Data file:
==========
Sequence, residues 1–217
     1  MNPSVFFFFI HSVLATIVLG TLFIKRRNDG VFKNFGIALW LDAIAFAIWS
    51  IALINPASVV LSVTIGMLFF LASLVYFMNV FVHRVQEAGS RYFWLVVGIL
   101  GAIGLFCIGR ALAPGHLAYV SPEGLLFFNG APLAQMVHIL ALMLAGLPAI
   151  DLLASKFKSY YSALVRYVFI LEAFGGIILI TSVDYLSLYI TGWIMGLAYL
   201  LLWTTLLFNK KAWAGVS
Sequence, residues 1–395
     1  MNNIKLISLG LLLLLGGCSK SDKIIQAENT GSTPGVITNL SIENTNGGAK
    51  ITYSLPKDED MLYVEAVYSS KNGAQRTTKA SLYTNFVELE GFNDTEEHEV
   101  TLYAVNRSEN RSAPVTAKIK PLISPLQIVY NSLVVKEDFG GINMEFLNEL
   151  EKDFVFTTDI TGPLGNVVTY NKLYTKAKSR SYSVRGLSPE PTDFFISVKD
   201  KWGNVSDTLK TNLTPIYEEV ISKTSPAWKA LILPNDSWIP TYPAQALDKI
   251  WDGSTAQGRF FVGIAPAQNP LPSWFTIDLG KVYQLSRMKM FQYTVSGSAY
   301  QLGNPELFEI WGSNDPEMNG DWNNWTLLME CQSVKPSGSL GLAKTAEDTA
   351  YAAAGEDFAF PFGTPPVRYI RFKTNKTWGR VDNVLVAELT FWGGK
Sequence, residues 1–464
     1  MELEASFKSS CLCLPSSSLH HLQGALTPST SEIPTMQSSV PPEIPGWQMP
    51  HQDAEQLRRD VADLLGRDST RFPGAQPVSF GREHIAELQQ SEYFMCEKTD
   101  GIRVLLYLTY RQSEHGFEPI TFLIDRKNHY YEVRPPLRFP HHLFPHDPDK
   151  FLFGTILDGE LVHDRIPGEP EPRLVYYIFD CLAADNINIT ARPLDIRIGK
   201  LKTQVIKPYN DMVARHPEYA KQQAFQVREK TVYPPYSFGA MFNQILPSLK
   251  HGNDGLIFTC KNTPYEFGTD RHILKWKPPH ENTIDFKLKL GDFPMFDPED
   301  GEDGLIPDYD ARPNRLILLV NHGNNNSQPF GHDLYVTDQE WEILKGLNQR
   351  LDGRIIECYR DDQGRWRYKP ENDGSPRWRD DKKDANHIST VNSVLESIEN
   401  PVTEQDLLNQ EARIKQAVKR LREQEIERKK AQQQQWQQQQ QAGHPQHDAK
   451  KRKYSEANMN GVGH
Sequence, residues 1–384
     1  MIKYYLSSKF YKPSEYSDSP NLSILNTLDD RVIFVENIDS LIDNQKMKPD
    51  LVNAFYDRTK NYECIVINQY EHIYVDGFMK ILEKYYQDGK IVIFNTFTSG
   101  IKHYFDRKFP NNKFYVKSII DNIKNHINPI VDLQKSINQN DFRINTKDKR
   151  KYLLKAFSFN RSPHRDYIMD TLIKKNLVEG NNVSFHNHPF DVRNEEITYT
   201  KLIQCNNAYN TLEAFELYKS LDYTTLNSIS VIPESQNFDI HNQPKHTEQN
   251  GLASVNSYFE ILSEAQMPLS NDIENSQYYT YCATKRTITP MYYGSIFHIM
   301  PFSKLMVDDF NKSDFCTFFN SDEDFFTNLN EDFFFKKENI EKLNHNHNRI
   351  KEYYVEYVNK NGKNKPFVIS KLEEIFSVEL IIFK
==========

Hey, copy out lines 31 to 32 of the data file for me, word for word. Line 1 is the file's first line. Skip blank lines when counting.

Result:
   151  KYLLKAFSFN RSPHRDYIMD TLIKKNLVEG NNVSFHNHPF DVRNEEITYT
   201  KLIQCNNAYN TLEAFELYKS LDYTTLNSIS VIPESQNFDI HNQPKHTEQN